What did we achieve betting on Afghan Taliban?

The Peshawar Police Lines terrorist attack has sent shockwaves among the public

Kamran Yousaf February 06, 2023
The writer is a senior foreign affairs correspondent at The Express Tribune


Make no mistake. Terrorism is back in Pakistan. The Peshawar Police Lines terrorist attack has sent shockwaves among the public. People fear the return of the dark days of the war on terror when militant groups spread their terror across the country. It was the December 2014 Army Public massacre that brought the country together. A national census was achieved despite at the time Imran Khan was seeking the ouster of the then PML-N government. The national unity produced a national action plan to stem the tide of terrorism. Within months, full scale military operations were launched in the erstwhile tribal areas as well as intelligence based operations in urban centres. The decisive actions drove terrorists out of Pakistan, bringing a semblance of normalcy back to the country. But in the process, the country paid a huge price both in terms of men and material. Given how terrorists inflicted damage to the state of Pakistan, it was hoped that the country would never let these monsters challenge the writ of the state again.

But the situation began to change after the takeover of Kabul by the Afghan Taliban in August 2021. Many including those sitting at the helm of affairs portrayed the Afghan Taliban victory as a major success for Pakistan. The premise for their celebration was that the Afghan Taliban takeover meant that the “hostile agencies” would no longer exploit the volatile Afghan situation to target Pakistan. The friendly Afghan government would evict groups such as the banned Tehreek-e-Pakistan (TTP) and its affiliates. When Pakistan did make a formal request for decisive action against the TTP, the Afghan Taliban instead asked Islamabad to seek a negotiated settlement with terrorists. The Afghan allied Haqqani Network played the role of mediator and Pakistan began talks with the TTP. The talks did make some progress at the start leading to the ceasefire by the terrorist outfits. In return for a truce, Pakistan released TTP members including some hardcore terrorists. Few were even given presidential pardon. Then in another bizarre decision taken by a few individuals with no proper consultation process, Pakistan allowed thousands of TTP members to return. The deal was they would return unarmed. The process was so flawed that the local authorities were not even aware of that arrangement leading to clashes as well as protests from the public.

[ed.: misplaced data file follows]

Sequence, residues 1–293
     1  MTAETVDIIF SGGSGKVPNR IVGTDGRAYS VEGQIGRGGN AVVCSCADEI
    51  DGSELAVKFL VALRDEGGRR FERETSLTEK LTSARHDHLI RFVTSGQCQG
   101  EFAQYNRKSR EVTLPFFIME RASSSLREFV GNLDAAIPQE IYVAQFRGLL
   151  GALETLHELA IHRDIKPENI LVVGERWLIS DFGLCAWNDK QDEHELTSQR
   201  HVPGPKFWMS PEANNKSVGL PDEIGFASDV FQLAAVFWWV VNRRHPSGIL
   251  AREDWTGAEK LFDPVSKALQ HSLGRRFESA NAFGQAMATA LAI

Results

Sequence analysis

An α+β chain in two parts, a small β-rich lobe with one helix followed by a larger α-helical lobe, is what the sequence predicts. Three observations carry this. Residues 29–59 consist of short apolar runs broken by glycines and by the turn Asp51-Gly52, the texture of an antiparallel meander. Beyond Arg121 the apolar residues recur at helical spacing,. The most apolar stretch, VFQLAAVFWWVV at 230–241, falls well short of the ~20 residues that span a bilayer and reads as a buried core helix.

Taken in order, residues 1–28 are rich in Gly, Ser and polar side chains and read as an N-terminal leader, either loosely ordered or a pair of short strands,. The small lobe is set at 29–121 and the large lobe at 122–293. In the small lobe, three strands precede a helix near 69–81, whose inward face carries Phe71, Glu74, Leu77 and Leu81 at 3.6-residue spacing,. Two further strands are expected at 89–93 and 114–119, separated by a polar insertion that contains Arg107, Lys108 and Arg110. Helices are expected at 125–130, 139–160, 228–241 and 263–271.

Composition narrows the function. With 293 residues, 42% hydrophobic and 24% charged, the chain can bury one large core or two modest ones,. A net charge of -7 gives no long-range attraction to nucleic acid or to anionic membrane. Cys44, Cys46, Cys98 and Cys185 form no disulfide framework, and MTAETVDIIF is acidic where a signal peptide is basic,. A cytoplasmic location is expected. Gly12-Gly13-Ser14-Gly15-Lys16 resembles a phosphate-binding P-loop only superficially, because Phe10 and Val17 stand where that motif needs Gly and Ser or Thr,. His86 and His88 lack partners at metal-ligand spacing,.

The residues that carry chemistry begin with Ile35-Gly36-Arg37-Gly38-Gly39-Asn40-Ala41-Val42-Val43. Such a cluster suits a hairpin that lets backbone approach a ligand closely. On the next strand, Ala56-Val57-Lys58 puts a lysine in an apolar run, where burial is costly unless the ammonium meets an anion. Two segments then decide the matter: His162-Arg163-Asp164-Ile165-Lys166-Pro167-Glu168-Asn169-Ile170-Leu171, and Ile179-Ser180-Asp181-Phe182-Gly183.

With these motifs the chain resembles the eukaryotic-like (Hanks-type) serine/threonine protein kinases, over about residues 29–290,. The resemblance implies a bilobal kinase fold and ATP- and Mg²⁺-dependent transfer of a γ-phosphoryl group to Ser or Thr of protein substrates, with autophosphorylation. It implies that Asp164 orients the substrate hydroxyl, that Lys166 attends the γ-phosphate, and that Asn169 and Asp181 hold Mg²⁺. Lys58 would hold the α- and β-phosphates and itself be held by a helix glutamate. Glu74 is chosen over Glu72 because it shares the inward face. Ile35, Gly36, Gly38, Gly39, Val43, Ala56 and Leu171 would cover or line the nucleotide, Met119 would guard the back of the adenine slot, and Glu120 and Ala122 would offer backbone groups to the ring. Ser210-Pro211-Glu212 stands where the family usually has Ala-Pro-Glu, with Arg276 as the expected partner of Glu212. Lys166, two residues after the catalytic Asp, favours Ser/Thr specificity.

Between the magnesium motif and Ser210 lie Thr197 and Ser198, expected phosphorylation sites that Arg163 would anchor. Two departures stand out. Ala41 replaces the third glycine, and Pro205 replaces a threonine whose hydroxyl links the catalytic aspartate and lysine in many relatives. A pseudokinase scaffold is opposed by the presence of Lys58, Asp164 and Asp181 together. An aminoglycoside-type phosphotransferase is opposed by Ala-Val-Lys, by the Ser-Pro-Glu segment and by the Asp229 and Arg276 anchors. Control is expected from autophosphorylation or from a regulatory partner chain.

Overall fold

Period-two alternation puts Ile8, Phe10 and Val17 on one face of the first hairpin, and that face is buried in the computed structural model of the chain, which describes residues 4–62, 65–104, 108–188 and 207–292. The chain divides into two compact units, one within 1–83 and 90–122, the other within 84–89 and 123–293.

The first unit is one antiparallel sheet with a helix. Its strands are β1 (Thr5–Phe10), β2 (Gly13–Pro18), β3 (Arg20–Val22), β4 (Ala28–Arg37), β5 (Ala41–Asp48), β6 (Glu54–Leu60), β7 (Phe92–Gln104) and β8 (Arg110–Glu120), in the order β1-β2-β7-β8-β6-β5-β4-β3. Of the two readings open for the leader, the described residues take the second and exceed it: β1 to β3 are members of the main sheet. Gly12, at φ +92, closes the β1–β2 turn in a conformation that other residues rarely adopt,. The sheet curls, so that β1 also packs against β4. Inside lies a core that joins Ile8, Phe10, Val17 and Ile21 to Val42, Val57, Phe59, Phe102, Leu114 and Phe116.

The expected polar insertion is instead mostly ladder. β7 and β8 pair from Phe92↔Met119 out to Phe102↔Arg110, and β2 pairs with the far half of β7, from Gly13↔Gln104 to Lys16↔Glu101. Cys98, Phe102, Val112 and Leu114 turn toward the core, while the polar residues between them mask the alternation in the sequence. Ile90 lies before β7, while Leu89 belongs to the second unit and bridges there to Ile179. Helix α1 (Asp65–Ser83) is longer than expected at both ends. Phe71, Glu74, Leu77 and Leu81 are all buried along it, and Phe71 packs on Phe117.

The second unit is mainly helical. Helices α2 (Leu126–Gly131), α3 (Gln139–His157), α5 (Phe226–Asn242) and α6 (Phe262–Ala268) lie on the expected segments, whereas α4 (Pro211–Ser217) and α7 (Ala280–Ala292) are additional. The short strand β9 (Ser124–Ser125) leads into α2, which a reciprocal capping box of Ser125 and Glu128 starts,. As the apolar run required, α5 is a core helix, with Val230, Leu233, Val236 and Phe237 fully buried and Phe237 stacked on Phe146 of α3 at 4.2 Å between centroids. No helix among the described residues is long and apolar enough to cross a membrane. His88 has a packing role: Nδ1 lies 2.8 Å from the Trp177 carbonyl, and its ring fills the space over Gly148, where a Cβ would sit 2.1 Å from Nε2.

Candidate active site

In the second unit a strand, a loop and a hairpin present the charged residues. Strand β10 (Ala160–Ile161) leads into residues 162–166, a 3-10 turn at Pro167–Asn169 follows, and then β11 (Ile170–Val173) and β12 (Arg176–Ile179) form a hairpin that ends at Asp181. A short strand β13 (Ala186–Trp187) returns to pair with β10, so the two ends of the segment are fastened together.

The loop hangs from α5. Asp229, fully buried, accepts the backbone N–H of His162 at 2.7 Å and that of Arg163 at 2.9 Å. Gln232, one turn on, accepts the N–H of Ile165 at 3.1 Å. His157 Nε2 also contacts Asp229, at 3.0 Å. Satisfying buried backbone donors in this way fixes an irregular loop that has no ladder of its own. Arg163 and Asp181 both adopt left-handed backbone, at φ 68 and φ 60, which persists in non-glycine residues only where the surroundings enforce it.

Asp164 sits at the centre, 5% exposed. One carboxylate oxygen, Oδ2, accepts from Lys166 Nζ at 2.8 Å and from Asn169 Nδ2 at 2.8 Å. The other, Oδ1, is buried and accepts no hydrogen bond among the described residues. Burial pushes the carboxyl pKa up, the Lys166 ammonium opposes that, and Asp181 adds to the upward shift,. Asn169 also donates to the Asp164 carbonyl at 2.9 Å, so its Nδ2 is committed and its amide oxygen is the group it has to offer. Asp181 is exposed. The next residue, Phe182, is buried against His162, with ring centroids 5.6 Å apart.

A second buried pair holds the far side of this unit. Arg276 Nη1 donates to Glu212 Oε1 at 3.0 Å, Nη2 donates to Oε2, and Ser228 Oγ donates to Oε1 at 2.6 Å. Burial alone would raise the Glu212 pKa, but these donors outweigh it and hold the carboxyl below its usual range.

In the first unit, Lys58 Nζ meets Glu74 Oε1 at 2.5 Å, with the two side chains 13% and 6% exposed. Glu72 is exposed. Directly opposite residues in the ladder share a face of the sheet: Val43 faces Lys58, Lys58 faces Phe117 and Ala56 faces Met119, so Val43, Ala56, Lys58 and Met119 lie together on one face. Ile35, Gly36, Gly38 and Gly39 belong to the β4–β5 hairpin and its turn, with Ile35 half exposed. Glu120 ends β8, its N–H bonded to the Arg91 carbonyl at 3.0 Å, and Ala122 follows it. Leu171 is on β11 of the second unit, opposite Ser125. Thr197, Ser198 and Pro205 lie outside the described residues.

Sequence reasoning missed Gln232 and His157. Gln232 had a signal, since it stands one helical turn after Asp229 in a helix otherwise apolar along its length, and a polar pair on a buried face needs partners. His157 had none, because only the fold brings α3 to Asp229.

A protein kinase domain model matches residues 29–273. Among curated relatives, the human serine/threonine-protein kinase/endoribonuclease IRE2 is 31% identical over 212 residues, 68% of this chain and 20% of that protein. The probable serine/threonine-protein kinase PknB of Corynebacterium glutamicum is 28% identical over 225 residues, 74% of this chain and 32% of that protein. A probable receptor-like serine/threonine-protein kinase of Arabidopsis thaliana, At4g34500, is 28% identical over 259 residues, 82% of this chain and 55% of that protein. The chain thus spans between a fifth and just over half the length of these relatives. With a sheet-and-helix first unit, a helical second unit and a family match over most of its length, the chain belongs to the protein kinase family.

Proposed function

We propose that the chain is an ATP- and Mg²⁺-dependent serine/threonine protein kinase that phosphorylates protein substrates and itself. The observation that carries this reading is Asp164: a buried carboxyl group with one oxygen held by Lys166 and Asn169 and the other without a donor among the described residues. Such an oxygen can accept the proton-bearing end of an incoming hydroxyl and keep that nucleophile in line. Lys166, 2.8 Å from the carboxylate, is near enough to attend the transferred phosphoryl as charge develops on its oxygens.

As TTP members started returning, the number of terrorist attacks began to increase. It has become abundantly clear that the TTP used that move to regroup. Pakistan once again made the same blunder as it did in the past.

At a high-level Apex Committee meeting held in Peshawar after the deadly terrorist attack, there was an acknowledgement that seeking direct negotiations with the TTP and allowing their members to return was a mistake. The decision was taken in haste and it was a miscalculation. But who would hold those accountable who made that misjudgment? Had there been any accountability process not just for financial dealing but such decisions, perhaps the country would not have faced such situations.

What to do now? The sense is that the current military leadership wanted a course correction so as the civilian dispensation. At least a decision was taken not to seek any direct talks with the TTP at this stage. Since the TTP operates out of the neighbouring country, Pakistan’s civil and military leadership have decided to take up the issue with the Afghan Taliban at the highest level. Pakistan would seek the intervention of Afghan Taliban Amir Habitullah Akhundzada to tackle the TTP. But it appears that this option may not work. The Afghan Taliban have denied their soil was used in the Peshawar attack. The statement of the Afghan acting Foreign Minister was telling. Amir Muttaqi asked Pakistan to find the enemy from within. This means that despite Pakistan’s stance, the Afghan Taliban are in a state of denial. In this situation, what are Pakistan’s options? In reality, Islamabad has only a few options to convince the Afghan Taliban. It is time to ask ourselves: What did we achieve by betting on the Afghan Taliban?

Published in The Express Tribune, February 6th, 2023.

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